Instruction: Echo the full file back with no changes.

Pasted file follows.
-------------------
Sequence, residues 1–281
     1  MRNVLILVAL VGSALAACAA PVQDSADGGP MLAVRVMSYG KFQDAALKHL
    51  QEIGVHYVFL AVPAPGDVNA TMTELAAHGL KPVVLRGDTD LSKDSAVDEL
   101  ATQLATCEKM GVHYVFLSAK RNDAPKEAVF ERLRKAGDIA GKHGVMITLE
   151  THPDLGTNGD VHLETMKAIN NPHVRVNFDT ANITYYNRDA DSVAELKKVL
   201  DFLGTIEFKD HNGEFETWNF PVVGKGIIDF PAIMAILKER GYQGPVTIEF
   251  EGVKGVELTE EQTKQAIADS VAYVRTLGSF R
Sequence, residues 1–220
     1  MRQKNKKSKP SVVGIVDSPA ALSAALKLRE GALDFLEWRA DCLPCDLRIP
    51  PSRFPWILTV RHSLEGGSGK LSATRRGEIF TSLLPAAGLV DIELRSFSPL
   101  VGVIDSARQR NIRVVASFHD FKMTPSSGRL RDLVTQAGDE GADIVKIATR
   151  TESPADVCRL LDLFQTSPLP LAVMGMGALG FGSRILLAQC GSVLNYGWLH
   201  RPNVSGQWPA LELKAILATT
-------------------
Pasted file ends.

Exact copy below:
Sequence, residues 1–281
     1  MRNVLILVAL VGSALAACAA PVQDSADGGP MLAVRVMSYG KFQDAALKHL
    51  QEIGVHYVFL AVPAPGDVNA TMTELAAHGL KPVVLRGDTD LSKDSAVDEL
   101  ATQLATCEKM GVHYVFLSAK RNDAPKEAVF ERLRKAGDIA GKHGVMITLE
   151  THPDLGTNGD VHLETMKAIN NPHVRVNFDT ANITYYNRDA DSVAELKKVL
   201  DFLGTIEFKD HNGEFETWNF PVVGKGIIDF PAIMAILKER GYQGPVTIEF
   251  EGVKGVELTE EQTKQAIADS VAYVRTLGSF R
Sequence, residues 1–220
     1  MRQKNKKSKP SVVGIVDSPA ALSAALKLRE GALDFLEWRA DCLPCDLRIP
    51  PSRFPWILTV RHSLEGGSGK LSATRRGEIF TSLLPAAGLV DIELRSFSPL
   101  VGVIDSARQR NIRVVASFHD FKMTPSSGRL RDLVTQAGDE GADIVKIATR
   151  TESPADVCRL LDLFQTSPLP LAVMGMGALG FGSRILLAQC GSVLNYGWLH
   201  RPNVSGQWPA LELKAILATT